I’m wrapping up my fourth semester of flipped classroom pedagogy, and I think I have a verdict: it’s preferable to my previous lecturing-plus-discussion model, and even though it’s a lot of work for both me and the students, the benefits are considerable.
The model works like this: In preparation for each class, the students read the materials on my electronic casebook (on the ChartaCourse platform) and watch a prerecorded lecturette I’ve made, which summarizes the cases, offers additional points and socio-legal insights, and provides flowcharts and guidelines for legal analysis. I’m now on my third version of these lecturettes, and I think I’ve managed to produce something of passable production value. Here, for example, is one of the lecturettes of which I’m most proud – the one about out-of-court codefendant confessions:
Because the students come well prepared, I don’t have to spend/waste time on lengthy lectures in class. I go over some of the basic issues, add examples and stories, and answer questions. The bulk of our time together is spent working on problems and simulations in small groups. Usually, the students receive a few hypothetical scenarios, discuss them in small groups, and formulate a solution which they then post to our discussion forum. Sometimes, I’ll create more elaborate simulations for them: this year, we did a two-week plea bargaining exercise, a big jury selection exercise, and a federal sentencing simulation. After the groupwork concludes, we debrief together. This means the students go over each unit of material five times: through the reading, the lecturettes, my highlights, their own independent work, and our debriefing session.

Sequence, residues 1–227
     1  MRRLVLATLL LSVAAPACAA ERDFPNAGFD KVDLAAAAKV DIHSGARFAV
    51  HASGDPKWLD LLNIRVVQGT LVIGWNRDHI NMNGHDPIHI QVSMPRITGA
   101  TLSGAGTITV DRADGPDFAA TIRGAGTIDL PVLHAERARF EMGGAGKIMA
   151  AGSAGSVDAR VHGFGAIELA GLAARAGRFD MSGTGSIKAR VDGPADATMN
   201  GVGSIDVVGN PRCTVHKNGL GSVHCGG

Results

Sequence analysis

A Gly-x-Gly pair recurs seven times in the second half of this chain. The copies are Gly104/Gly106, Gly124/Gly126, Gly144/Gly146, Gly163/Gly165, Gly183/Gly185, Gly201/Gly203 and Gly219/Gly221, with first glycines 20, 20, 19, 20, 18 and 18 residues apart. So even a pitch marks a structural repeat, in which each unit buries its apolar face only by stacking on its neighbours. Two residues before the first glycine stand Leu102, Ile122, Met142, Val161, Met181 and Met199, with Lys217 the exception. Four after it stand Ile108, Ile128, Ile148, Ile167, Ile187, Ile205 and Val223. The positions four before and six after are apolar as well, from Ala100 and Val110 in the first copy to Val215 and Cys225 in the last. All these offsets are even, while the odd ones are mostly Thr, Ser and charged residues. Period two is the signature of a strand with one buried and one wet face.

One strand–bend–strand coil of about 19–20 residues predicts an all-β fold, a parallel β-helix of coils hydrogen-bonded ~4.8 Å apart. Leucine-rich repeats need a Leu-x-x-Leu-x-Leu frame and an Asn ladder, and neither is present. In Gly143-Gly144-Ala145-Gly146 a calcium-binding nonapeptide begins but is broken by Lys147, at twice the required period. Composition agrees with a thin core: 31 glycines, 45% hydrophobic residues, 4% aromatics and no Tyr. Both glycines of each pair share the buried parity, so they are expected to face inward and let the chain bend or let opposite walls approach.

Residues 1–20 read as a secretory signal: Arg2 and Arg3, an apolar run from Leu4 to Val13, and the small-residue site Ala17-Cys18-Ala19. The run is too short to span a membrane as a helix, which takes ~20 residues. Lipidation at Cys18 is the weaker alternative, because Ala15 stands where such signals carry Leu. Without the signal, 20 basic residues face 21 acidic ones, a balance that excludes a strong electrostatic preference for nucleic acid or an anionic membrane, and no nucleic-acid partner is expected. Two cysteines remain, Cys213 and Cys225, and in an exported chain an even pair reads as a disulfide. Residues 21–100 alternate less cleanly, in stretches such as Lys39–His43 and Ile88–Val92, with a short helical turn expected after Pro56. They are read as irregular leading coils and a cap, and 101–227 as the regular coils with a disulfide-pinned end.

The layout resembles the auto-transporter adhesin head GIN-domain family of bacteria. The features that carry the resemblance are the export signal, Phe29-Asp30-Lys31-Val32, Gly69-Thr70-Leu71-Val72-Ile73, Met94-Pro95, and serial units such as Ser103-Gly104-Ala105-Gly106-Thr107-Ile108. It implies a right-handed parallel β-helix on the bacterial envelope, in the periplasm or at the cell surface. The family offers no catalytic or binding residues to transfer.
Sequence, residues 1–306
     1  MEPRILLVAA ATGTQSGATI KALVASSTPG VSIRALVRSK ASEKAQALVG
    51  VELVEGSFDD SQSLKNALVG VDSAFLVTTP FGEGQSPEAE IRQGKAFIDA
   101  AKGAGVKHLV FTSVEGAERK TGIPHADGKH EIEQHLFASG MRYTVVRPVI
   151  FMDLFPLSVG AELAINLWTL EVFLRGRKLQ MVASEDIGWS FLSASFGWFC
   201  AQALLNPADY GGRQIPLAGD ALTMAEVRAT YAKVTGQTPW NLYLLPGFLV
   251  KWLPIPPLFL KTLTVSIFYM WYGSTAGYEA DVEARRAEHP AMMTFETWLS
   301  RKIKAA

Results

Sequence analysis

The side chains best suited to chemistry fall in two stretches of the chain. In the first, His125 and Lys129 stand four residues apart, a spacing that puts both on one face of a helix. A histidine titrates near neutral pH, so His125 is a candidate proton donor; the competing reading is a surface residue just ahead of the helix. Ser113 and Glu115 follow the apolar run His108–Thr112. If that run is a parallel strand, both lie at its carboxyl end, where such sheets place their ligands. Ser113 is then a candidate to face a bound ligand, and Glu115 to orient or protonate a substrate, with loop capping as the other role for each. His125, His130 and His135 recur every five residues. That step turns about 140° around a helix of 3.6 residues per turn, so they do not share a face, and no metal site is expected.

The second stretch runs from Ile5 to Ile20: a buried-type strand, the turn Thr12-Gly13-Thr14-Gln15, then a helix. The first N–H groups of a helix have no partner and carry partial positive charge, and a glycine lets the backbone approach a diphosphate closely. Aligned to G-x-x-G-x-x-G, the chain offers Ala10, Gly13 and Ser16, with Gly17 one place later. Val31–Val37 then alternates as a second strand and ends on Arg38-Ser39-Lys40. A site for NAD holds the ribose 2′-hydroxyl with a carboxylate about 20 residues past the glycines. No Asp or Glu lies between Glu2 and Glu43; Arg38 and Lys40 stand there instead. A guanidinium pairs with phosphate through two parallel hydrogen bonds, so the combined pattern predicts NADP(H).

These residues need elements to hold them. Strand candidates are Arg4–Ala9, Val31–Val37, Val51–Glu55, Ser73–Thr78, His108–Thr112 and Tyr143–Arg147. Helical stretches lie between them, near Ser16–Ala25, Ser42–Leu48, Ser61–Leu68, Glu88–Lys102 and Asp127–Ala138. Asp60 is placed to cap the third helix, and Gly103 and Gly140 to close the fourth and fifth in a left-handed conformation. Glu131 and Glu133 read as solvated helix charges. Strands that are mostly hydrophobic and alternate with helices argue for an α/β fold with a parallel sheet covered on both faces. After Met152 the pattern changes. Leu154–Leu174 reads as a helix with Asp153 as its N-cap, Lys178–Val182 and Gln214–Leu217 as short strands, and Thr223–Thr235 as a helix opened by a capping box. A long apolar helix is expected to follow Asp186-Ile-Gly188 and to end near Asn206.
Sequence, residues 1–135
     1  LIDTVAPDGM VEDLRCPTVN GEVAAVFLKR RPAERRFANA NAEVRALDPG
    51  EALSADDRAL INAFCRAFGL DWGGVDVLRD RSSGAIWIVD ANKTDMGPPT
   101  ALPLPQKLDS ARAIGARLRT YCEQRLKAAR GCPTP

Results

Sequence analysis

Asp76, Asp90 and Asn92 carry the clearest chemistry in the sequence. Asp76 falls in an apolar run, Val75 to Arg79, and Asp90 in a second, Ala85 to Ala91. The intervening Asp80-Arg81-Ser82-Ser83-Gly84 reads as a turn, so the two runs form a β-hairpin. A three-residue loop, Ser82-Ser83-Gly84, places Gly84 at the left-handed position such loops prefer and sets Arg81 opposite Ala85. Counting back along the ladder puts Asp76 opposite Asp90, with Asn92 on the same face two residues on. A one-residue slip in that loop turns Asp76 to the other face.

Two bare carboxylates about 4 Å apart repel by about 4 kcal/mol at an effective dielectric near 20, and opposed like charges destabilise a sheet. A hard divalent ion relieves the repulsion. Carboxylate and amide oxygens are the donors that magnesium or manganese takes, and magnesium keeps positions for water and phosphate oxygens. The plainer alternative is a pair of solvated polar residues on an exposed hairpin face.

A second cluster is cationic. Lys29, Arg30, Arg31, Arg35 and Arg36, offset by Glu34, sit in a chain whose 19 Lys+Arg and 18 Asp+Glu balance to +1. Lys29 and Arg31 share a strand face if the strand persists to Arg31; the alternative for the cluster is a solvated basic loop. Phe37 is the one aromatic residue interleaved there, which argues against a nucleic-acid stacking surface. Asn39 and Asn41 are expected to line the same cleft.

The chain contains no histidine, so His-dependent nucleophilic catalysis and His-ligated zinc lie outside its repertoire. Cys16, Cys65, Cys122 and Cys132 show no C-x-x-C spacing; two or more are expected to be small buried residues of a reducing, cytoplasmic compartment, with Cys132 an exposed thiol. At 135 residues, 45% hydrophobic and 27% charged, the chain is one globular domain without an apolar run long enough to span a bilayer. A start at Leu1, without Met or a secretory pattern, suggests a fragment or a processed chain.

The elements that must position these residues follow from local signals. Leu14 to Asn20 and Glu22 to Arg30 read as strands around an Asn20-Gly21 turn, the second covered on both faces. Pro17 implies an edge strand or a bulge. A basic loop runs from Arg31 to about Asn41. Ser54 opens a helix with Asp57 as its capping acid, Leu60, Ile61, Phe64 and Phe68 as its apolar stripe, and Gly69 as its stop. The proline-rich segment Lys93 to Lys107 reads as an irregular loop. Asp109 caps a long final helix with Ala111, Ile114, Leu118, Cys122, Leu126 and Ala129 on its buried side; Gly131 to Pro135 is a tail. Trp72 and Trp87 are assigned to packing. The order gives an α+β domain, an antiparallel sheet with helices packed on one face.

So far, I haven’t been able to coast on lecturettes from previous years, because I had recorded them on Panopto, which is not fantastic, and have had to re-record them from scratch on Zoom. As you can see above, the quality is pretty neat and I can use animation and other tricks to explain complicated concepts. Hopefully, in future years I’ll only have to record lecturettes that update the existing ones when legal changes occur. I’m also quite impressed with the students’ hard work in class and in the small group. This method works very well in a small class in person, and also scales up quite marvelously online.
If you want to flip your classroom and need some help or advice, please contact me! It really is a wonderful way to teach.